Qualcomm Snapdragon 8cx PC Chips Challenge Intel Core i5

Credit: QualcommCredit: Qualcomm

In the third day of the Snapdragon Technology Summit 2018, Qualcomm announced an Arm processor designed specifically with ultrathin notebooks in mind. The new “compute platform” called Snapdragon 8cx promises to take on Intel’s 15W mainstream Core i5 CPUs with similar computing and graphics performance but double the sustained peak performance and much better energy efficiency, battery life and thermal profiles, as well as LTE connectivity.

Designed for PCs

Qualcomm’s first attempts to enter the PC market may not have been too impressive, and that’s partially because Windows 10 was still not designed to properly take advantage of Arm chips, but also because Qualcomm was essentially re-using its smartphone chips (or “mobile computing platforms” as Qualcomm likes to call them now) as PC chips too. The issue with that strategy was that although those chips promised high efficiency and battery life, they didn’t hit that critical performance level for which most consumers are looking. This time, Qualcomm seems to have had a clear goal in mind, and that is to achieve (15W) Intel Core i5 levels of performance while still maintaining its Arm platform’s native advantages, such as multi-day battery life and up to 2Gbps LTE speeds.

Qualcomm Kryo 495

The Snapdragon 8cx compute platform features an eight-core Kryo 495 CPU. The exact configuration is not clear yet, but if Snapdragon 855 is any indication, it should also have four “little cores” and four “big cores.” It’s also not clear yet whether or not, like Snapdragon 855, the Kryo 495 CPU uses Cortex-A76 and A55 derivatives. We do know that it has 10MB of cache, which is more than double that of previous Snapdragon CPUs. This should allow for much faster multi-tasking, as multi-tasking performance has been an issue with Arm-based notebooks in the past.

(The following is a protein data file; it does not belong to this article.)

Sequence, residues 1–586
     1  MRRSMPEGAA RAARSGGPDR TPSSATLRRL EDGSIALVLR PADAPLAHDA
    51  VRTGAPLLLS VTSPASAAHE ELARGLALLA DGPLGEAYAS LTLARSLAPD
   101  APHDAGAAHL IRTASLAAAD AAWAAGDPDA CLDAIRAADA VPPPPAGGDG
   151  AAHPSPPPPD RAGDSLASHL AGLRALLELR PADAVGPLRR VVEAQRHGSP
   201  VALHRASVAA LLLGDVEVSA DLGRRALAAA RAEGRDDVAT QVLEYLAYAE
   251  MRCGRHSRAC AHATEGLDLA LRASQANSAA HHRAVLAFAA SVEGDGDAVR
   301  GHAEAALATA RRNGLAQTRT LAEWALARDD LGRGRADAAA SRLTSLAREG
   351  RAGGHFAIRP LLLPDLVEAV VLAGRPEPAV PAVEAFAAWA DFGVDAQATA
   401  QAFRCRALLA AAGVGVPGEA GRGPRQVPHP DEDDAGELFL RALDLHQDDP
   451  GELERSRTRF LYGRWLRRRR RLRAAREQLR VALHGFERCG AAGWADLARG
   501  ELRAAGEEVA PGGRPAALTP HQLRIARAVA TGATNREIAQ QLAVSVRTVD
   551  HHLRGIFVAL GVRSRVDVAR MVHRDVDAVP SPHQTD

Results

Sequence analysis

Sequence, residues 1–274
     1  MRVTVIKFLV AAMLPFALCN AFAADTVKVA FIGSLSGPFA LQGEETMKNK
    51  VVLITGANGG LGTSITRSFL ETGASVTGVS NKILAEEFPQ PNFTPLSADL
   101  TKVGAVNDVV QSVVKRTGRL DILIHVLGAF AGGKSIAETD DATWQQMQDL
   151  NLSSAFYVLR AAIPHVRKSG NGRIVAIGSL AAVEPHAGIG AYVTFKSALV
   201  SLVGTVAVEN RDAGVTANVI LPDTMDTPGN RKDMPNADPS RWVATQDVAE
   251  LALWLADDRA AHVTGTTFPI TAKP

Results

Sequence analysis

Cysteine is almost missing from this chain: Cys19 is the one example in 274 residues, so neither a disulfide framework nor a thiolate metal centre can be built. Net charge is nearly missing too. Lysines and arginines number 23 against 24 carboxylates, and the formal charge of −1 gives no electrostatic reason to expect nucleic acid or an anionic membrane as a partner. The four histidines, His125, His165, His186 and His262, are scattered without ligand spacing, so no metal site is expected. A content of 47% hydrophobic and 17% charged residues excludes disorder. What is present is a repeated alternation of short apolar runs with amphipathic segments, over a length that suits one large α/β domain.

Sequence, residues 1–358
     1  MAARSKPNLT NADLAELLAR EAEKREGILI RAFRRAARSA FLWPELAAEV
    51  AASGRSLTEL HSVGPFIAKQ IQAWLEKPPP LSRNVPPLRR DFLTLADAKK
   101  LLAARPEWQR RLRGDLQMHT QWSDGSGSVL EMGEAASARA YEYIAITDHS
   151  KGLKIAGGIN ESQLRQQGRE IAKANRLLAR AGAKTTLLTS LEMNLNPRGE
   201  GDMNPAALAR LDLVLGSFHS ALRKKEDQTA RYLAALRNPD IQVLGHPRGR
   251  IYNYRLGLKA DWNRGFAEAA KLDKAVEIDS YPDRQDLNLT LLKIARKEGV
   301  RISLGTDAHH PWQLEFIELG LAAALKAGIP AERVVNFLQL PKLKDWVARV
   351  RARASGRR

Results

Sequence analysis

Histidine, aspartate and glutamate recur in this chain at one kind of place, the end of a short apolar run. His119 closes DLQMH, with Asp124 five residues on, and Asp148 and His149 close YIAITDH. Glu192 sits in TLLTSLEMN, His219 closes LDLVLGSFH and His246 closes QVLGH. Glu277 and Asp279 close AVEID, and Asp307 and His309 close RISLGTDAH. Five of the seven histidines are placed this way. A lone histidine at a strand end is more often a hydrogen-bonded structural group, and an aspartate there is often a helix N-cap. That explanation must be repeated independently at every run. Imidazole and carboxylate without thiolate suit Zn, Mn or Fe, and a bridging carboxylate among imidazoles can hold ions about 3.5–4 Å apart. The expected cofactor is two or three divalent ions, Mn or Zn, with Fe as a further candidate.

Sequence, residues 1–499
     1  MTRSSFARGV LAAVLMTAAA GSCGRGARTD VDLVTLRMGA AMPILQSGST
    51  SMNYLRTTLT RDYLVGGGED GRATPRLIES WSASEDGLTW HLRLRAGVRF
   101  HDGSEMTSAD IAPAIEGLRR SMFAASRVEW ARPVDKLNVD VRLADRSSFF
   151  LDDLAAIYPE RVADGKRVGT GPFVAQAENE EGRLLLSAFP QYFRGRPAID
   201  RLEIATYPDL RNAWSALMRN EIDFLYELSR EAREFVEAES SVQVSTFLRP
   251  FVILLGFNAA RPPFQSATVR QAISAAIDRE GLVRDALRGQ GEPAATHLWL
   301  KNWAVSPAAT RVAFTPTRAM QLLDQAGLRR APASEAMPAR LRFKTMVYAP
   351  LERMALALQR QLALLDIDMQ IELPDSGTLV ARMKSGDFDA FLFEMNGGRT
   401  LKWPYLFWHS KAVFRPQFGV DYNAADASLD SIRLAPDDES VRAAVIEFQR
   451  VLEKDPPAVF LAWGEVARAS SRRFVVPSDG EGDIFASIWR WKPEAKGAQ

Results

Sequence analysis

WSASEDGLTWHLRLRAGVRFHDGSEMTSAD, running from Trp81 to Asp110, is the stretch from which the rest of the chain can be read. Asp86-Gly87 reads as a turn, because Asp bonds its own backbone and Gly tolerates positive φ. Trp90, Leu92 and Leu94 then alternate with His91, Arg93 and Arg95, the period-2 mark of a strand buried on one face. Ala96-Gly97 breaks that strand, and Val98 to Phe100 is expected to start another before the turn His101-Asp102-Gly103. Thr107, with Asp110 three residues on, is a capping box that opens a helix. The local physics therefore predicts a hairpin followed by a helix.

Qualcomm claimed that although its Kryo 495 can “only” equal the peak performance of Intel’s 15W Core i5 CPU (assuming one of the latest generations), the chip’s real advantage is seen in sustained peak performance, which is double that of Intel’s Core i5 at 7W TDP. Qualcomm is not wrong to focus on sustained peak performance here. Over the past few years, Intel seems to have continued to increase peak performance for its Turbo Boost clock speeds but usually at the cost of sustained peak performance.

In other words, Intel’s chips may get to claim high peak performance in benchmarks, but in the real world you may find that the chips throttle to avoid overheating. Intel has been putting the blame on OEMs lately for not being capable of proper heat management for its chips. However, when most OEMs seem incapable of abiding by Intel’s performance specifications in their laptop designs, perhaps the fault lies with Intel chips' demands.

Adreno 680 GPU

If you thought the new Qualcomm CPU was impressive, the GPU will grab your attention too. Qualcomm claimed that its new Adreno 680 GPU is 3.5x faster than the GPU in the Snapdragon 835, its first platform for Windows 10 notebooks.